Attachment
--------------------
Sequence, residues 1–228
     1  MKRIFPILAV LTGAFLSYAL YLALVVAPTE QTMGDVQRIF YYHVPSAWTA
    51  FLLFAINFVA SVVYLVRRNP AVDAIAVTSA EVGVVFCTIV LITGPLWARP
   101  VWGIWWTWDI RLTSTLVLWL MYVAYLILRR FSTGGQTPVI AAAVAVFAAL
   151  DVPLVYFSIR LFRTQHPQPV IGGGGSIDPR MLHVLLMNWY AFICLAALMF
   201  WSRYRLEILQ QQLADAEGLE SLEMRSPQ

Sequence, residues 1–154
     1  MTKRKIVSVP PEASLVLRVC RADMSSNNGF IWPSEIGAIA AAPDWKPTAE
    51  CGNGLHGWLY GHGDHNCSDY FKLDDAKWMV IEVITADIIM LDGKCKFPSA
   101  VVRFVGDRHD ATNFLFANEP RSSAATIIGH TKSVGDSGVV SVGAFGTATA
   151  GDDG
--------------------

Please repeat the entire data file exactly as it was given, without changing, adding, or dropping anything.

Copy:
Sequence, residues 1–228
     1  MKRIFPILAV LTGAFLSYAL YLALVVAPTE QTMGDVQRIF YYHVPSAWTA
    51  FLLFAINFVA SVVYLVRRNP AVDAIAVTSA EVGVVFCTIV LITGPLWARP
   101  VWGIWWTWDI RLTSTLVLWL MYVAYLILRR FSTGGQTPVI AAAVAVFAAL
   151  DVPLVYFSIR LFRTQHPQPV IGGGGSIDPR MLHVLLMNWY AFICLAALMF
   201  WSRYRLEILQ QQLADAEGLE SLEMRSPQ

Sequence, residues 1–154
     1  MTKRKIVSVP PEASLVLRVC RADMSSNNGF IWPSEIGAIA AAPDWKPTAE
    51  CGNGLHGWLY GHGDHNCSDY FKLDDAKWMV IEVITADIIM LDGKCKFPSA
   101  VVRFVGDRHD ATNFLFANEP RSSAATIIGH TKSVGDSGVV SVGAFGTATA
   151  GDDG